Obedient witness to Christ means that whenever we come with another person (Christian or not) into the presence of the cross, we are prepared to receive judgment and correction, to find that our Christianity hides within its appearance of obedience the reality of disobedience. Each meeting with a non-Christian partner in dialogue therefore puts my own Christianity at risk.”⁠

ibid. 182

The point of mission, then, is not merely the conversion of the other, but the conversion of ourselves as well.

“We participate in the dialogue believing and expecting that the Holy Spirit can and will use this dialogue to do his own sovereign work, to glorify Jesus by converting to him both the partners in the dialogue…The Christian partner must recognize that the result of the dialogue may be a profound change in himself or herself.”⁠

ibid. 186, emphasis mine

Note that Newbigin doesn’t shy away from the conversion of the other: “The Christian will also believe and expect that the Holy Spirit can use the dialogue as the occasion for the conversion of his partner to faith in Jesus.”5 But the conversion of the other is not the only point. Maybe not even the primary point. In mission, we invite God to convert us. Again, “in this encounter the church is changed, the world is changed, and Christ is glorified.”

So here is where I want to challenge those who are nervous to engage in mission. If mission is only about changing the other, you’re right to be wary. Renounce that. Leave it behind. But this is not what true mission is actually about. Mission is as much about our own conversion as it is anyone else’s. So friends, engage in mission, even if for your own sake. But there is a second related challenge here, and it is frightening in a sense. The challenge seems simple enough: enter into dialogue with people who are very different than you. The reason this is frightening, though, is because it will expose you, potentially in may ways. It will put your safe faith at risk. Dr. R. Sundarara Rajan, a Hindu scholar, wrote that “If it is impossible to lose one’s faith as a result of an encounter with another faith, then I feel that the dialogue has been made safe from all possible risks.”6

He’s right. And that’s scary, especially for our own kids. But it’s true. My sixteen-year-old daughter, Soleil, recently said this in a paper she wrote on Weisel’s Night: “Often, people are misled into thinking that faith is following without question, this is not the case. Faith is what happens when an individual is comfortable enough to explore questions that could lead to a loss of faith.” She’s not wrong. To really enter into dialogue with someone from another faith, or with no faith, is risky business. If it’s not risky, it’s not genuine. It’s not true. And so, while I understand that many of our young are rightfully afraid of colonialism, I might add my own observation that they’re also afraid of risky dialogue which might change them. I work in a multi-faith centre (Faith and Spirituality Centre) at a secular University. You know who is largely absent from this beautiful, albeit complicated space? Evangelical students. There are some, of course, and they’re amazing. But mostly, they’re the last to show up. Why? I think they’re afraid of what might happen. Perhaps we’ve trained them to be afraid. And in a sense, maybe they should be afraid.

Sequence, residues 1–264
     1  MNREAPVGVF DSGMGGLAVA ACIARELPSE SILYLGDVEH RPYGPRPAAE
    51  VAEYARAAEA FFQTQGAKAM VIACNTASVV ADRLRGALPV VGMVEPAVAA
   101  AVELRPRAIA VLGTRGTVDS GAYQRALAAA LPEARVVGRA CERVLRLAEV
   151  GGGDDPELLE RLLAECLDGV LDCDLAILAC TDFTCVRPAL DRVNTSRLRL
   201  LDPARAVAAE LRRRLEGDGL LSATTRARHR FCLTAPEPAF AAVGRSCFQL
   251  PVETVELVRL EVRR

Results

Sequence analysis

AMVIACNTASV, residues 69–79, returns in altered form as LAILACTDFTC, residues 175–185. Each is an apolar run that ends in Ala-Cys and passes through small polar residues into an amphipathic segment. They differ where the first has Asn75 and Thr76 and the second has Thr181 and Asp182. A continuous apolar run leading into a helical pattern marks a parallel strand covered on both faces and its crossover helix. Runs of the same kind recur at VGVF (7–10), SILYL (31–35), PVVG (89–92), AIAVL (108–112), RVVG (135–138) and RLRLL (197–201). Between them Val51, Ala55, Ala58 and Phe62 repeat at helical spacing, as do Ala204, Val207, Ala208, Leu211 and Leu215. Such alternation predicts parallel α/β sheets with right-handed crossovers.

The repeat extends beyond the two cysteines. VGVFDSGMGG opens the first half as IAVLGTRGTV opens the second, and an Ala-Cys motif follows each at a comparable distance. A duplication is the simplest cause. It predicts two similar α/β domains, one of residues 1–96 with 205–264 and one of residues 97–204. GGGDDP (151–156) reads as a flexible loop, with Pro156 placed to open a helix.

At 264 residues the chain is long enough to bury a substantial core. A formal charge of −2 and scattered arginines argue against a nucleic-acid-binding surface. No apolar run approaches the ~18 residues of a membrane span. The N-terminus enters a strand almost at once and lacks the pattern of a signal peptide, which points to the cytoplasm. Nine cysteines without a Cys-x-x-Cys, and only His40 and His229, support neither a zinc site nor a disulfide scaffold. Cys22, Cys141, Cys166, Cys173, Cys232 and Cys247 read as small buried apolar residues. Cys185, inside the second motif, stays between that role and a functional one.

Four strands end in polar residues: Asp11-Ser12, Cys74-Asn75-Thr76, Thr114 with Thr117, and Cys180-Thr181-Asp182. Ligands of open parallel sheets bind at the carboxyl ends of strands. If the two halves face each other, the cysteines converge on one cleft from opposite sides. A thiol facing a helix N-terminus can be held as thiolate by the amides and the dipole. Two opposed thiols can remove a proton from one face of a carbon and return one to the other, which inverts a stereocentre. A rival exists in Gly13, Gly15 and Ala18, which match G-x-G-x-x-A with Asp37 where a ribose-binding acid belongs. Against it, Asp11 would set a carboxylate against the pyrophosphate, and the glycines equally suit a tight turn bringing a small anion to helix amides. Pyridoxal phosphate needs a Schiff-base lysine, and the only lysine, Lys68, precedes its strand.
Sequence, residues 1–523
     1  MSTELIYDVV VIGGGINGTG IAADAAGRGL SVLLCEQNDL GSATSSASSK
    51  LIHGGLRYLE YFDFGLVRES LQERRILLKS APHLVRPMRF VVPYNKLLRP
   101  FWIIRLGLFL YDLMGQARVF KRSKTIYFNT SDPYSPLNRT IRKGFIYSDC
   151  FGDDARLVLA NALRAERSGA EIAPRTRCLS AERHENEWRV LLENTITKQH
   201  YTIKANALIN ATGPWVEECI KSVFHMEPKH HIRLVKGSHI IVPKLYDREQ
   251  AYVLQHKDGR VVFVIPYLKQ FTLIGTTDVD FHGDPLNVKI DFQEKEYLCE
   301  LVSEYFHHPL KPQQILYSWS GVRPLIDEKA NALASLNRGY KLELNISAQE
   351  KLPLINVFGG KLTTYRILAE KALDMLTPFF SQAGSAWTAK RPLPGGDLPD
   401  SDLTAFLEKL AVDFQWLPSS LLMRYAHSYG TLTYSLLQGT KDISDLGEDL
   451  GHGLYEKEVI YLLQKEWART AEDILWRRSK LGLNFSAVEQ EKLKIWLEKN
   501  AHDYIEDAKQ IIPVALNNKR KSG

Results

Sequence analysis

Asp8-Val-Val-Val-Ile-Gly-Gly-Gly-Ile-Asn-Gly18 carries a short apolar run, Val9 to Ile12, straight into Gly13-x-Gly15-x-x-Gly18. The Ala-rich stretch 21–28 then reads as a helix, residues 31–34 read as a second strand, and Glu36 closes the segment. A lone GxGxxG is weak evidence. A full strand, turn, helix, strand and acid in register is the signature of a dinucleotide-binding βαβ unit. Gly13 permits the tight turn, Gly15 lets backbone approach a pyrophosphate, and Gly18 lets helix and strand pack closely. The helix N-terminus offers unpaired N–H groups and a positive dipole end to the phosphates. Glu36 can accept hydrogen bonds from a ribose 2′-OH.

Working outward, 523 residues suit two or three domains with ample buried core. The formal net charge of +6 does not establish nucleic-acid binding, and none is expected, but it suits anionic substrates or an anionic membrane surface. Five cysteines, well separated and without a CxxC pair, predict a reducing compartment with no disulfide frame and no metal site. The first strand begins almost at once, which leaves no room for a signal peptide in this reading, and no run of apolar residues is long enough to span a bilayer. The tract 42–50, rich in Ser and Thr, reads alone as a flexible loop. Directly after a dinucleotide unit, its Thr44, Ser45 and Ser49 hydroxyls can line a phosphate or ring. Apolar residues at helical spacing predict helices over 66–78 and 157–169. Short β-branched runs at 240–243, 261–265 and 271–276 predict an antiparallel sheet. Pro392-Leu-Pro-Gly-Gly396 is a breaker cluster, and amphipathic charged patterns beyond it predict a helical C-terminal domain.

So why, with such risk, would I want to call a generation back to mission? Because I trust the power of the Spirit. Not our ingenuity or innovation. The Spirit. But moving to the rhythm of the Spirit has always been risky business. After all, who knows where the Wind will blow us, and how the light of Christ will penetrate our own darkness! As Rowan Williams writes:

God is “the light of the world” in his Son Jesus, yet that interruption, that light cutting through our darkness, is not a comfortable clearing up of problems and smoothing out of our difficulties and upsets. On the contrary, it brings on a kind of vertigo; it may make me a stranger to myself, to everything I have ever taken for granted. I have to find a new way of knowing myself, identifying myself, uttering myself, talking of myself, imagine myself. In short, when God’s light breaks on my darkness, the first thing I know is that I don’t know, and never really did⁠.

Rowan Williams, A Ray of Darkness (Lanham, MD: Cowley Publications, 1995), 100

But despite of this disorientation, the Spirit intends to move us out of our small and cramped lives and into the wild and wide open space of the Kingdom of Jesus. The Spirit intends this for the whole world! And so while risky, I trust the Spirit not only with my own life, but with my with my kids’ lives, and your kid’s lives too. We don’t risk alone. We can trust the Spirit. So, let’s engage in mission, and call a generation to engage in the risk of mission so that we – the church and the world – can be changed, and so that Christ can be glorified.

1 Barna Group, “Almost Half of Practicing Millennials Say Evangelism is Wrong,” Barna, February 5th, 2019, https://www.barna.com/research/millennials-oppose-evangelism/.
2 ibid.
3 ibid.
4 ibid.
5 ibid. 187